Subdivisions | The Oaks Tract

The Oaks Tract was subdivided in 1907.  It was formerly part of land owned by William N. Monroe.  It had been Block B and part of Lot 20 in Block C in the Monroe Addition.  Monroe got together with some other investors and formed a consortium named the Granite Bank & Trust.  The property was divided into 48 lots, most of which were 50 feet wide by 141 feet long.  The tract is bounded on the south by Oaks Avenue.  Lots 1-12 are on the west side of North Myrtle.  Lot 1 of the tract is actually the fourth house down from Greystone Avenue.  The address for Lot 1 is 271 N. Myrtle Avenue.  Lots 13-24 are on the east side of Stedman Avenue.  Lot 14 is the fourth lot down from Greystone Avenue, and the address is 276 Stedman Place.  Lots 25-36 are on the west side of Stedman Place, and Lots 37-48 are on the east side of Primrose Avenue.

The first house built in the new tract was built in 1908 and is located on Lot 11, 231 N. Myrtle Ave.

The lots did not sell quickly, but they did sell at a steady pace, so the members of the consortium made money.  The tract was named after William Monroe's house, known as The Oaks which is still stands on Lot 43, 44, and part of Lot 29.  Its address is 250 N. Primrose Ave.

Besides The Oaks, there are only a few other houses in the tract that are of Victorian architecture.  Because the lots sold slowly, houses were built in the popular styles from Craftsman bungalows through the Spanish and Mediterranean revival styles popular during the 1920s.  There are, unfortunately, some vintage houses which have been remuddled, and ones that have been torn down to be replaced by overlarge houses which do not fit the overall style of the tract.  Overall, though The Oaks Tract has maintained its vintage feeling.

267 N. Myrtle Ave.

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Known Details

Block No:

Lot No: 2

Landmarked? No

Construction Year: 1924

Architectural Style: Period Revival

Contractor: D.E. Taylor

Architect: Unknown

Style Altered? No

Location Changed? No

Owner(s): George Croxon, Frederick George Croxon, Norman Nicoll Croxon, Senior

Demolished? No

Subdivision: The Oaks Tract

271 N. Myrtle Ave.

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271 N. Myrtle Ave.

Known Details

Block No:

Lot No: 1

Landmarked? No

Construction Year: 1920

Architectural Style: Craftsman

Style Detail: From the looks of the present house, it may have started out as having Craftsman details, but the house has been remuddled so badly that it's hard to tell.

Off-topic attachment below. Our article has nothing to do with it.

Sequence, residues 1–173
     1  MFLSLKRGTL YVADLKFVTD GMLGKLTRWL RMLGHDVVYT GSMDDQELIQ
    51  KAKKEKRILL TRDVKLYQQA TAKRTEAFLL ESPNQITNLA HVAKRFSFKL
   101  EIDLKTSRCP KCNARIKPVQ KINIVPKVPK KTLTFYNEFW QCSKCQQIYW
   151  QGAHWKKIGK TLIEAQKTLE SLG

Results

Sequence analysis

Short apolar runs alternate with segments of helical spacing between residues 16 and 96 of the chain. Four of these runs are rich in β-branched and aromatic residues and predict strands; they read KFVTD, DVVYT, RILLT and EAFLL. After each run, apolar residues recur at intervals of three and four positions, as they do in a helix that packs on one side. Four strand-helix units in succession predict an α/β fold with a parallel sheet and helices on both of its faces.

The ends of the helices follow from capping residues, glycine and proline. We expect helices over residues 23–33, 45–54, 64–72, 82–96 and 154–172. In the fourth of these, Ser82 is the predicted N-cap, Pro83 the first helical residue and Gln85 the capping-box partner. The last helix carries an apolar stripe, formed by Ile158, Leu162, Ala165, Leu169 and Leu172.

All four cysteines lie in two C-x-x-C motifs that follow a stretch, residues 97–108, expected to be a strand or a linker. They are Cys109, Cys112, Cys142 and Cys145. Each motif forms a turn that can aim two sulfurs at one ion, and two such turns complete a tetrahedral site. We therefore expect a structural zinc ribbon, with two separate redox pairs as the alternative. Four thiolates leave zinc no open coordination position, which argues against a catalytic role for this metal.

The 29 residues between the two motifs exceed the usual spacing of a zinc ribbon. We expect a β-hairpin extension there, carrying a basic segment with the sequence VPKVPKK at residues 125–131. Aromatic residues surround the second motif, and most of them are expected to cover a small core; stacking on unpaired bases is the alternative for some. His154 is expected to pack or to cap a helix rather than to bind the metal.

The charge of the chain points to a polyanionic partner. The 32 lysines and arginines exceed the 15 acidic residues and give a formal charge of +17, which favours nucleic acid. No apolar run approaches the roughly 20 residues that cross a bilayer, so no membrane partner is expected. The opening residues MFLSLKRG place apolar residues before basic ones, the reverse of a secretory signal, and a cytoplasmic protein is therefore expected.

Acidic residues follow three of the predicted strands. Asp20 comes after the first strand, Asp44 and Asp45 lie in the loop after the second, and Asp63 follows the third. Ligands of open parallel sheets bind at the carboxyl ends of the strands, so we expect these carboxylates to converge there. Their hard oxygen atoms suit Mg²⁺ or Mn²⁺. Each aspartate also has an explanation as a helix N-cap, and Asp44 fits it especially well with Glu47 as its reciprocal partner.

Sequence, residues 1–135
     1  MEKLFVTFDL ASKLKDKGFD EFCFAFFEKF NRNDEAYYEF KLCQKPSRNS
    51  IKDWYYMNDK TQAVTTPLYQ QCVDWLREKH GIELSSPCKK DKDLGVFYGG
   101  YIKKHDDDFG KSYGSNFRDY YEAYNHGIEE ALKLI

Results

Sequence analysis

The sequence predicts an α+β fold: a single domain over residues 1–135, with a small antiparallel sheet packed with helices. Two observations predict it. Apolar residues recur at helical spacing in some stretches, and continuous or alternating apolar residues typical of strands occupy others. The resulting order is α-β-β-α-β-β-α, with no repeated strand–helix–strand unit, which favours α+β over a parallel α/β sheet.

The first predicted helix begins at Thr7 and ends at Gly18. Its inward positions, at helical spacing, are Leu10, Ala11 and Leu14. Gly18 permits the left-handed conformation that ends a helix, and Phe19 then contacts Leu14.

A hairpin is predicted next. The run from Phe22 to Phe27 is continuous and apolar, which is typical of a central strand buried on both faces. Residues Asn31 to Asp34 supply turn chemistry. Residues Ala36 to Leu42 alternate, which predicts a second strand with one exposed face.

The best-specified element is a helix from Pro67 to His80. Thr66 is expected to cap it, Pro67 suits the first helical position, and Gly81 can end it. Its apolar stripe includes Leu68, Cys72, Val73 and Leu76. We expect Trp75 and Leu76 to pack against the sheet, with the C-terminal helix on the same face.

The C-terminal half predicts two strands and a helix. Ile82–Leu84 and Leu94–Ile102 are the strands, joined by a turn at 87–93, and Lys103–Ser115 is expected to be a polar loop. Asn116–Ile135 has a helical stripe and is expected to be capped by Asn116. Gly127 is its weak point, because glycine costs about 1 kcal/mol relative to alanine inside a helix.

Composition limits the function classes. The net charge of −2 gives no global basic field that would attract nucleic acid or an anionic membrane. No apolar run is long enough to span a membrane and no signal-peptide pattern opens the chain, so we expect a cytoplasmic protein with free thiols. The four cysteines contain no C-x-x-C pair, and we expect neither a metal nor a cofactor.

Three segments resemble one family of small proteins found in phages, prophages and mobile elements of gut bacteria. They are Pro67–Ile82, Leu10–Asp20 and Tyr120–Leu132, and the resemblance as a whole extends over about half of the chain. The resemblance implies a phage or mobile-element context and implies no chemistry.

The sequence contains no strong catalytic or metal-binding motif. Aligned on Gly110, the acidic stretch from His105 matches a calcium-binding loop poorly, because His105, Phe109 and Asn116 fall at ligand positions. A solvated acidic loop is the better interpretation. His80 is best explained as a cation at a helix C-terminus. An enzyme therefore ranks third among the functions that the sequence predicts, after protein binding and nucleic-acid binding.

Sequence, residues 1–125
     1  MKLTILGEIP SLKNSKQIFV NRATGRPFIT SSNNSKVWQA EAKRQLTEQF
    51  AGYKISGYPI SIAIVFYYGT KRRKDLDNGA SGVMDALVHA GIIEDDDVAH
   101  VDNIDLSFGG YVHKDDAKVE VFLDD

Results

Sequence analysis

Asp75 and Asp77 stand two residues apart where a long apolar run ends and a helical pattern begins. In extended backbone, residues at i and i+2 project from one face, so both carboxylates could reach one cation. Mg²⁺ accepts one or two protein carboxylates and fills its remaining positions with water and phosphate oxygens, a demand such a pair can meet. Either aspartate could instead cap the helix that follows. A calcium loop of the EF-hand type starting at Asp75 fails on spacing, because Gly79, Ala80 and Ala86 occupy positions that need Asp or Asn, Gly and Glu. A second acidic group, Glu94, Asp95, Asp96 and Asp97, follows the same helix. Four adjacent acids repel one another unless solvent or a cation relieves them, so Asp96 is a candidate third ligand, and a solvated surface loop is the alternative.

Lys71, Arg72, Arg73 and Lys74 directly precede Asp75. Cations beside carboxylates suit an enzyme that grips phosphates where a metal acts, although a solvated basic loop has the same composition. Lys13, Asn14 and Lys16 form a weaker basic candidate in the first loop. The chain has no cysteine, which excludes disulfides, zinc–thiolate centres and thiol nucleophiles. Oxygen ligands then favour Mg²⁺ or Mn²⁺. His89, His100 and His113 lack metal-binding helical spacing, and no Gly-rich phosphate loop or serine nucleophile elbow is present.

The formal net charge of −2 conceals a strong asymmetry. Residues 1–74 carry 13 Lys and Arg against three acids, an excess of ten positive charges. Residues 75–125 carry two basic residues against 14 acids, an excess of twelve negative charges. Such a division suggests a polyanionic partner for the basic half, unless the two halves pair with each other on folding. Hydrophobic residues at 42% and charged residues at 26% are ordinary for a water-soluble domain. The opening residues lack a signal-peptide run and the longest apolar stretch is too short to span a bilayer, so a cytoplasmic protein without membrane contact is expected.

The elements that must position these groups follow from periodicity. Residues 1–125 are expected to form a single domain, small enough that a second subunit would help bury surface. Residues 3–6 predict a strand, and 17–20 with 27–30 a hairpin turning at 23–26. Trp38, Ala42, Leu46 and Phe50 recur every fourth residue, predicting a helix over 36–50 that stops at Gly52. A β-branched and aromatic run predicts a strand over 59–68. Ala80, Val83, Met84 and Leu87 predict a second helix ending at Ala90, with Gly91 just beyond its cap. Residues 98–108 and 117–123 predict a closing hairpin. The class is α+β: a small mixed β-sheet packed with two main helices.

Contractor: Unknown

Architect: Unknown

Style Altered? Yes

Location Changed? No

Owner(s): Norman Nicoll Croxon, Junior, J. Grace Worthen

Demolished? No

Subdivision: The Oaks Tract

The consortium of the Building & Investment Company of Monrovia subdivided this property which had been own by William N. Monroe (who was most likely a member of the consortium) in 1907.  In 1908, this property was valued at $350 and the taxes were $5.08.  The consortium paid taxes on the property for eight years without being able to sell it until 1916 when the company was assessed 42 cents for delinquent taxes.

Some time in the next four years, the property was purchased by Grace Worthington who had a wood frame house valued at $1,750 built on the property as an investment.  She was a school teacher in Monrovia and lived at 143 W. Greystone Avenue for many years.

It is difficult to determine exactly what style the house originally was as today it is very muddled.  The windows which may or may not be original have a Craftsman style look to them.  The windows on either side of the door may be original.  The door is definitely not. Even in a modest frame house of the early 1920s, there would have been at least a small porch directly in front of the front door.  Even more likely, the house would have had a porch that came out from the entire width of the house as Craftsman houses do and as the house directly to the south (267 N. Myrtle Avenue which was built at about the same time) has.  One can see how wide the concrete slab is in front of the house, an indication that there was originally a wider porch. 

The driveway on the left of the house can still be seen, but is now blocked by a fence.

Also view: Monrovia Tract | M-P.B & C | Banana Addition | Town of Monrovia | Dorland's Tract | Monroe Addition to Monrovia Tract | Ocean View Subdivision | B&G Subdivision